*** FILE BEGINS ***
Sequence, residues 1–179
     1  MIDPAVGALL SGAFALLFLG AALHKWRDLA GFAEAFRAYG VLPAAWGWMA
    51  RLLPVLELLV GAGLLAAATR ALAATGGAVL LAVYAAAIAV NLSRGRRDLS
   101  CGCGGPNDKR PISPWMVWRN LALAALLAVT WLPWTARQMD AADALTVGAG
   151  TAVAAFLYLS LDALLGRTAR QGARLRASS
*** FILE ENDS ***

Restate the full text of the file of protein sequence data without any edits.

Sequence, residues 1–179
     1  MIDPAVGALL SGAFALLFLG AALHKWRDLA GFAEAFRAYG VLPAAWGWMA
    51  RLLPVLELLV GAGLLAAATR ALAATGGAVL LAVYAAAIAV NLSRGRRDLS
   101  CGCGGPNDKR PISPWMVWRN LALAALLAVT WLPWTARQMD AADALTVGAG
   151  TAVAAFLYLS LDALLGRTAR QGARLRASS